© All rights reserved Gentner et al. and/or ACM Press

p. 447-454

Scholtz, Jean, Salvador, Tony, Lockhart, Pete and Newbery, James (1997): Design: No Job too Small. In: Pemberton, Steven (ed.) Proceedings of the ACM CHI 97 Human Factors in Computing Systems Conference March 22-27, 1997, Atlanta, Georgia. pp. 447-454. Available online

This paper describes the efforts involved in the design of a novel Personal Information Manager (PIM) about the size of a credit card with a touch screen that fit neatly in one's shirt pocket or the PCMCIA slot on a PC. The device had to support both viewing data as well as entering data. This project at Intel offered human factors engineers extraordinary freedom in terms of functional design constraints, including no pre-existing operating system or pre-existing metaphor. However, in terms of practical constraints, such as low power demands, extremely small screen size and low resolution, color and the inexperience of the engineering team working with human factors professionals, this project offered us a unique challenge. In the end, ergonomic concerns, functionality concerns and navigation issues required a novel approach to the design of this hand-held computing appliance. Making decisions was additionally complicated as the novel hardware was being developed simultaneously. During design, we needed to produce innovative tests that would give valid results without using the actual hardware and we needed to explain at each step what we were doing and the input we would have for hardware and/or software decisions.

© All rights reserved Scholtz et al. and/or ACM Press

p. 455-462

Haine, Philip D. (1997): Claris Organizer's Expanding Contact Card. In: Pemberton, Steven (ed.) Proceedings of the ACM CHI 97 Human Factors in Computing Systems Conference March 22-27, 1997, Atlanta, Georgia. pp. 455-462. Available online

This paper describes the design process behind the contact card user interface in Claris Organizer 2.0. This was a situation where traditional UI elements were insufficient to satisfy the design's requirements. High-fidelity prototypes were developed, iterated and tested against competing designs. Standards and guidelines had to be broken to achieve the design's objectives. Despite having more fields and more functionality, the resulting design was smaller, faster, and preferred by users.

© All rights reserved Haine and/or ACM Press

p. 463-470

Druin, Allison, Stewart, Jason, Proft, David, Bederson, Benjamin B. and Hollan, James D. (1997): KidPad: A Design Collaboration Between Children, Technologists, and Educators. In: Pemberton, Steven (ed.) Proceedings of the ACM CHI 97 Human Factors in Computing Systems Conference March 22-27, 1997, Atlanta, Georgia. pp. 463-470. Available online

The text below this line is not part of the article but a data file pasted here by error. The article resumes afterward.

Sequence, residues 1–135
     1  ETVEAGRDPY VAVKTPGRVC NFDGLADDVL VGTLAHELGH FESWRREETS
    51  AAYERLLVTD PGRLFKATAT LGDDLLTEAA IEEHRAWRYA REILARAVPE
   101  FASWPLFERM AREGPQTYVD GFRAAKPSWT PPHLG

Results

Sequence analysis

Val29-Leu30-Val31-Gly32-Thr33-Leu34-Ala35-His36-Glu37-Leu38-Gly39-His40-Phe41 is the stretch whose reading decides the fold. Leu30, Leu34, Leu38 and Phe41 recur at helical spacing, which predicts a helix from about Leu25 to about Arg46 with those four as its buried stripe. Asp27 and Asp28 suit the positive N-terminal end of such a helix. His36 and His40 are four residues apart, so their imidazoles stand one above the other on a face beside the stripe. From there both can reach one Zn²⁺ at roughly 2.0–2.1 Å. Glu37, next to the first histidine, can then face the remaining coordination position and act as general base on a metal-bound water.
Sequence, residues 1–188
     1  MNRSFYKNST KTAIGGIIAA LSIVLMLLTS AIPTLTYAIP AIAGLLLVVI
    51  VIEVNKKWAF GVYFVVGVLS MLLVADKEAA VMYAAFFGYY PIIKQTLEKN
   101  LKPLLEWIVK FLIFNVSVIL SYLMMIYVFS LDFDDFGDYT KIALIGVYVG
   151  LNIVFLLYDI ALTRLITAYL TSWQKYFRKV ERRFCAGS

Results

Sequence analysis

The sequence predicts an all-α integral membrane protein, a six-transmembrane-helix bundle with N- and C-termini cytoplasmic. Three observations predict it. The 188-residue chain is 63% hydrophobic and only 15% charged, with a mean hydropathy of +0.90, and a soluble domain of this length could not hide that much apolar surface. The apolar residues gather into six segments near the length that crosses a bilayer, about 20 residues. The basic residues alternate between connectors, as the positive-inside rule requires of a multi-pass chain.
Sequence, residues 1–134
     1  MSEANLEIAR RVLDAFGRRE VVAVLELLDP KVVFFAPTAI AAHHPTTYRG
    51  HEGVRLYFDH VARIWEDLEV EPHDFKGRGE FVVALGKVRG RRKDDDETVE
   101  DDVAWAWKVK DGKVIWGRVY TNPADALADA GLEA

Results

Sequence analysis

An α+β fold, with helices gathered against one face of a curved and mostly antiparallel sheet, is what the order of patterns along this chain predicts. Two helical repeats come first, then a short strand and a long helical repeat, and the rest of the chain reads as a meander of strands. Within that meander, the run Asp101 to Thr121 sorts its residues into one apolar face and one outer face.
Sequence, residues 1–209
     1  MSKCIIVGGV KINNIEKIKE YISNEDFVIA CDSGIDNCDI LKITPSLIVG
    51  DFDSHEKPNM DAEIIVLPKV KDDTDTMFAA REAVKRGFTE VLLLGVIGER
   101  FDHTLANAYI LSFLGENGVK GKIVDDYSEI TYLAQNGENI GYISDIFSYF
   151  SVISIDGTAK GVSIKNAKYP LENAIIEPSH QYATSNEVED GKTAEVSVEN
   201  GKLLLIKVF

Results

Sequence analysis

We established an interdisciplinary, intergenerational collaboration in the fall of 1995, between the University of New Mexico's Computer Science Department, the College of Education, and local Albuquerque elementary school children. The goal of this research was to develop an expressive digital medium with an intuitive zooming interface, to support a learning environment for children. In the process of this collaboration, design methodologies that support a child's role in the development of new technologies were explored. What follows is a summary of our iterative design experience, collaboration, and the results of the research to date.

© All rights reserved Druin et al. and/or ACM Press

p. 471-478

Grisedale, Sally, Graves, Michael and Grunsteidl, Alexander (1997): Designing a Graphical User Interface for Healthcare Workers in Rural India. In: Pemberton, Steven (ed.) Proceedings of the ACM CHI 97 Human Factors in Computing Systems Conference March 22-27, 1997, Atlanta, Georgia. pp. 471-478. Available online

This paper describes the research and development of an interface for a mobile computing device to be used by Auxiliary Nurse Midwives (ANMs) in rural India. We describe the insights of the team from Apple Research Lab (ARL), who have had the privilege of working in a very different culture from the ones they are used to. We show how our observations of the healthcare workers performing their caring and administrative functions informed the design of the user interface. We illustrate how we developed the graphical language, navigational structure and data entry techniques. We provide a summary of the feedback we received from early field trials and some thoughts on the appropriateness of our approach to design in this environment.

© All rights reserved Grisedale et al. and/or ACM Press

p. 479-486

Rappin, Noel, Guzdial, Mark, Realff, Matthew and Ludovice, Pete (1997): Balancing Usability and Learning in an Interface. In: Pemberton, Steven (ed.) Proceedings of the ACM CHI 97 Human Factors in Computing Systems Conference March 22-27, 1997, Atlanta, Georgia. pp. 479-486. Available online

Creating educational software forces a difficult tradeoff. The software must be easy for the students to use, yet not so simple that the parts that students are to learn from are done for them by the computer. DEVICE (Dynamic Environment for Visualization of Chemical Engineering) is a learning environment aimed at allowing chemical engineering students to model chemical engineering problems, then execute those problems as simulations. In the design of DEVICE, we have attempted to use student tasks to focus attention on the most important parts of the problem without overwhelming students with extraneous detail.